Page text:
Avoid putting coolers and picnic baskets in a hot trunk. Keep them in the shade at the cooking or campsite. Foods cooled with ice should be wrapped in protective coverings. It’s not advisable to place foods directly on ice that’s not of drinking water quality.
4. Preparing and serving the meal
Keep preparation time to a minimum. Cook and serve hot foods immediately; bring cooled products out only when it’s time to eat.
On a camping trip, cooked and uncooked meat, poultry and fish should be transported frozen and cooked while still icy cold after being thawed. Ground meat is more perishable than solid pieces of meat, so it should be one of the first items cooked on a trip. It some foods are still partly forzen before use, cooking time should be extended so that internal temperatures of meats and poultry are high enough to kill any bacteria present. Food safety experts repeatedly stress cooking chicken and hamburger well. It’s not a good idea to plan to finish cooking chicken at the campsite: Ic chicken is cooked before leaving home, it should be thoroughly cooked there.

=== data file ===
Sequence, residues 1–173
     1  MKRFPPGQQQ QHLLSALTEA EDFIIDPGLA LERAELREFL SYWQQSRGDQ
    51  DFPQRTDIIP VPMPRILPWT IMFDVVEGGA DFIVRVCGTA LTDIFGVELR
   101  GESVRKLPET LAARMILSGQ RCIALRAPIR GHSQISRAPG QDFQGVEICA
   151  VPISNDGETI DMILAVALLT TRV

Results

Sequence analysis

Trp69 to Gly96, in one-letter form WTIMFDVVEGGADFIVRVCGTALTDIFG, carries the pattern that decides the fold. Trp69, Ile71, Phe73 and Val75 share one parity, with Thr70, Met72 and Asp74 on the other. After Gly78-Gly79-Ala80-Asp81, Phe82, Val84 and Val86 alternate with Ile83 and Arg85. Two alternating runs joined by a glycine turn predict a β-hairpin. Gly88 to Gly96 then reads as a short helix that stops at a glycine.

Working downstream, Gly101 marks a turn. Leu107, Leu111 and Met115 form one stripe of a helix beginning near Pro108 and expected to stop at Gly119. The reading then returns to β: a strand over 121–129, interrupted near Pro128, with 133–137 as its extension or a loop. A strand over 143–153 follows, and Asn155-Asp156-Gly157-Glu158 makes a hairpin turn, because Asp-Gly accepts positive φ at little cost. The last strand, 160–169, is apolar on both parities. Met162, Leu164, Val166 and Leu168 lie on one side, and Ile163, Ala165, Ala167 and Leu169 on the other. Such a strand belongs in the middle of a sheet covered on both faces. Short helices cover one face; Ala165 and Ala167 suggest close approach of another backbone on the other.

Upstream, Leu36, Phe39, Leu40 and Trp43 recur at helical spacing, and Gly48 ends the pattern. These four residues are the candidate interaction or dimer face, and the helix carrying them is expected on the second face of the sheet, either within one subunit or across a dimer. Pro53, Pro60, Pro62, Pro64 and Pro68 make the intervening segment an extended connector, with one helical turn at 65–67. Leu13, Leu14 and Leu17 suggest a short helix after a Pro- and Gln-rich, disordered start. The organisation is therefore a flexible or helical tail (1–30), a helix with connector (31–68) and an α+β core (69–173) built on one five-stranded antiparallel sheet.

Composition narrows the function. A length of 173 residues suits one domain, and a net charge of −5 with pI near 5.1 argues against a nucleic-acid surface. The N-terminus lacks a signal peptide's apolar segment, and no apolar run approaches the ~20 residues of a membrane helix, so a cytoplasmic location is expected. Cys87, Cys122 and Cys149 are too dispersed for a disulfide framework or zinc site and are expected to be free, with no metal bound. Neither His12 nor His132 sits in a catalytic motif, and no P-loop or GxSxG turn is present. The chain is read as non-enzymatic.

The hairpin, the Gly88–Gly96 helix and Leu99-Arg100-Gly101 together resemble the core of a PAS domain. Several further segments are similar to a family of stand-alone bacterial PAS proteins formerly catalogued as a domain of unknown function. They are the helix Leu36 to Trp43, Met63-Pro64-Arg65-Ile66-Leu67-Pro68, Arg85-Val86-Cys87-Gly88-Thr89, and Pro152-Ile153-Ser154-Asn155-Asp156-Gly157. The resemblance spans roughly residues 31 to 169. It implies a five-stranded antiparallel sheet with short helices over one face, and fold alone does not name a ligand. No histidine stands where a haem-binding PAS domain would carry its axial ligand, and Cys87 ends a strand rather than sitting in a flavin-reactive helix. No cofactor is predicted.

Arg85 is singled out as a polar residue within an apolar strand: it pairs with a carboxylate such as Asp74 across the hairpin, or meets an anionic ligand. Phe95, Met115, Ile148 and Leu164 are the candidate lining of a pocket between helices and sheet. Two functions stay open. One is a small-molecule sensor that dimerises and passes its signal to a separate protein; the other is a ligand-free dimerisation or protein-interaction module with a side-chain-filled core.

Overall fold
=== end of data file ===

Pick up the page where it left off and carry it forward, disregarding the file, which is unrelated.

If there are many people to serve, place perishable foods in serving dishes on beds of ice; fill serving dishes with only small amounts, keeping the rest in a cooler until more is needed. Don’t cut up vegetables or any other food with the same knife or on the smae cutting board that was used to prepare raw meat until the unensil and board have been thoroughly cleaned. If sauces and gravies are included, don’t let them stand and cool; otherwise they’ll need to be reheated to the boiling point again.
Use a clean table, preferably with a tablecloth, and keep all food and utensils covered until used. Flies and other insects, as well as household pets, are Salmonella carriers. Refrigerate all leftovers as quickly as possible after everyone has eaten. If there is no ice or coolant, it’s best just to throw leftovers away.